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Police probe the sound of 'screeching tyres' heard near missing girl Cleo Smith's campsite 

Police have identified up to 20 sex offenders who live near the campsite where missing child Cleo Smith was last seen five days ago. 

Meanwhile, West Australian detectives have confirmed they are investigating nearby campers' claims they heard the sound of 'screeching' tyres in the early hours of Saturday morning. 

In a radio interview on Wednesday, Assistant WA Police Commissioner Darryl Gaunt said police were not ruling any possibilities out about what may have happened to the four-year-old.

Cleo disappeared from her mother and step-dad's tent at the Blowholes campground near Carnarvon, on WA's remote northwest coast - and searchers haven't found a trace of her since.

Cleo vanished from the Blowholes campground near Carnarvon, on WA's remote northwest coast, in the early hours of Saturday morning

'We haven't ruled it (the car sounds) out or in, it's a little bit unsubstantiated but we're not ruling it out,' Mr Gaunt told 6PR Radio on Wednesday. 

'We have a lot of information from people within or who have been in the area.

'They have reported certain noises or activities - most have been explained.' 

Daily Mail Australia exclusively revealed that Cleo had asked her parents for a sip of water at about 1.30am on Saturday in the final 'interaction' she had with her parents.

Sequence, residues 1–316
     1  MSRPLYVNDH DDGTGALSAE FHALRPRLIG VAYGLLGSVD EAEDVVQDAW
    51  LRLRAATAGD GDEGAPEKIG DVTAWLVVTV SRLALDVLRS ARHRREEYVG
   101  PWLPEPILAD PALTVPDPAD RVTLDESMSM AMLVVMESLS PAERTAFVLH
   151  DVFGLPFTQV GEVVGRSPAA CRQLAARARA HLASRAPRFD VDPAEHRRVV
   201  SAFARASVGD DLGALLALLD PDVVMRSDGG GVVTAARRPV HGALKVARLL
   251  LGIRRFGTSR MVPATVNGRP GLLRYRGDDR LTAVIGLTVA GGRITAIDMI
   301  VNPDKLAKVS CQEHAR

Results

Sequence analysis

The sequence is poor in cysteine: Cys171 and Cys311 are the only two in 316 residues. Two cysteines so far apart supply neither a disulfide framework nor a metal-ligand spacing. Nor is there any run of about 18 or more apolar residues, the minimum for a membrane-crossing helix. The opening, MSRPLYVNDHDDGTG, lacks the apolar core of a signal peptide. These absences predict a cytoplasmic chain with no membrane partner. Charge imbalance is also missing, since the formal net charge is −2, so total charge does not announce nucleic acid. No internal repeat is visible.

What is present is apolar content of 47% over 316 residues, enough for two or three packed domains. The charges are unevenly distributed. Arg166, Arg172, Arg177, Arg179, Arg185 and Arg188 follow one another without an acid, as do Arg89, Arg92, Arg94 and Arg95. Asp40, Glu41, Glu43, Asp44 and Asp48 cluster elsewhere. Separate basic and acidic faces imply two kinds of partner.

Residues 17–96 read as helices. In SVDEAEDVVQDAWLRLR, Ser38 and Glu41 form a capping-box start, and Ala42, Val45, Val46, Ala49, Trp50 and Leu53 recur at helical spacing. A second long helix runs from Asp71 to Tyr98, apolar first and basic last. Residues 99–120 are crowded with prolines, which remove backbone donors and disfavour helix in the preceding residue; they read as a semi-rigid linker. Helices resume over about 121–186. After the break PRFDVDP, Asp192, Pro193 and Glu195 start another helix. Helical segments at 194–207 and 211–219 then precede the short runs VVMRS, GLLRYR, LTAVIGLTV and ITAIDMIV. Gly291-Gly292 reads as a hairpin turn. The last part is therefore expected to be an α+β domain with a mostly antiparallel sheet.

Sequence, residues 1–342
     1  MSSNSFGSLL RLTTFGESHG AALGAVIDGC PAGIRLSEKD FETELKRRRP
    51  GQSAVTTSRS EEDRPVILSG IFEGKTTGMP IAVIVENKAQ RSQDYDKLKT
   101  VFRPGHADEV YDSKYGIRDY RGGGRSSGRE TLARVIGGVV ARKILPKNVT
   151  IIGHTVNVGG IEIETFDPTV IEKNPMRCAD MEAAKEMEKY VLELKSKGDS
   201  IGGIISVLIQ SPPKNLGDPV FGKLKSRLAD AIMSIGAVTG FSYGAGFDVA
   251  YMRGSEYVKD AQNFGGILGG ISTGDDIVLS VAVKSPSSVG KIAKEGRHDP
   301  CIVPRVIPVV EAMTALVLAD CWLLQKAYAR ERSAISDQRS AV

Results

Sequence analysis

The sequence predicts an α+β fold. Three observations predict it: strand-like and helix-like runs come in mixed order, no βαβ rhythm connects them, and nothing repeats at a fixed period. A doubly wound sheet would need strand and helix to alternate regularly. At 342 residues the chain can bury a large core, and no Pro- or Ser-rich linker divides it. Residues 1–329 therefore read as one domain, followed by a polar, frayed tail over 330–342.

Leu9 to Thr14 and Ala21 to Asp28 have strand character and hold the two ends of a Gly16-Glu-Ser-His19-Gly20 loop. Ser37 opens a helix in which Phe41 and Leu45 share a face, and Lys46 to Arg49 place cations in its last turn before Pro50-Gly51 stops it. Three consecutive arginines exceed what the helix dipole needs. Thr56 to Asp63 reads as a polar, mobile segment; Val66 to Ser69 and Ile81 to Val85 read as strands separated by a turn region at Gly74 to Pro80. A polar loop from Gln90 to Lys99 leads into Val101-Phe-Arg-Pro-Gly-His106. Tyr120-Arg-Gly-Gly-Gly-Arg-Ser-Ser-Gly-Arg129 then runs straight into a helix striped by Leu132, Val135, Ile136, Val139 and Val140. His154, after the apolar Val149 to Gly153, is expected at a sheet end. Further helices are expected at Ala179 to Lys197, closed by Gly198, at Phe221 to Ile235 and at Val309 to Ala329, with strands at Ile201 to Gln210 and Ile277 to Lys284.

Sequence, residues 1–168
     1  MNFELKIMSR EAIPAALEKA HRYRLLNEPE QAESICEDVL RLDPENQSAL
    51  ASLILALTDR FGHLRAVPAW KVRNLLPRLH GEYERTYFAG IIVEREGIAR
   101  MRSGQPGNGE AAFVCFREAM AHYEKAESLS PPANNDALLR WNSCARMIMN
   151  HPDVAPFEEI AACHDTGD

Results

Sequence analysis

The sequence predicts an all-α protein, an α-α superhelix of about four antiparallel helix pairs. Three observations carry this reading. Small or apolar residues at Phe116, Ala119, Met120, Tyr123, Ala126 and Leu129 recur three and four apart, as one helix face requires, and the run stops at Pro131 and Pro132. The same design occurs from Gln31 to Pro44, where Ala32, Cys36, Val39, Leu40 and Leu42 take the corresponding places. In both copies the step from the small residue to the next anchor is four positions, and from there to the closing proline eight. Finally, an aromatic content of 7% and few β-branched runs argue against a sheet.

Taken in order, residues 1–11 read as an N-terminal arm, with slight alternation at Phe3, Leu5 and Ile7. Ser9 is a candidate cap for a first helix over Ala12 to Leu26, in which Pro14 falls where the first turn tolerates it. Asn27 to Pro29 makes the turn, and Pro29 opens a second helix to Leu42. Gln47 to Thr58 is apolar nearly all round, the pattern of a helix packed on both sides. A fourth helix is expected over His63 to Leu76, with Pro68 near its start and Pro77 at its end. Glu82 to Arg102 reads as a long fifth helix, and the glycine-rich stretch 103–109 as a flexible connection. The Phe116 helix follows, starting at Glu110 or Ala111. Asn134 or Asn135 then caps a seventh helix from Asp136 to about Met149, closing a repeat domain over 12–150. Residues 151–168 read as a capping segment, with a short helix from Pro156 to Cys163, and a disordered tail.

Some campers said they heard the sound of a car speeding off later at 3am. 

When her mother Ellie Smith and stepdad Jake Gliddon woke up at 6am their daughter was gone. 

Ms Smith told reporters this week that the tent's zipper was completely open when they woke up and Cleo's sleeping had vanished.  

Assistant Commissioner Gaunt added that in the Carnarvon area there are 'between 10 and 20' known sex offenders, but following inquiries none are suspects into Cleo's disappearance. 

'We don't have any concerns about that,' he said on 6PR Mornings.

'I know part of the investigative strategies have included reaching and making inquiries into their whereabouts and movements, and this point in time we're very comfortable where we sit with those inquiries.' 

He said detectives had received information from people 'from around the world' adding police are treating the little girl's disappearance as a 'search and rescue mission'.

'To say we're treating this as an abduction is not correct, we're treating it as a search-and-rescue mission, first and foremost, and that remains our mission,' he said.  

More to come.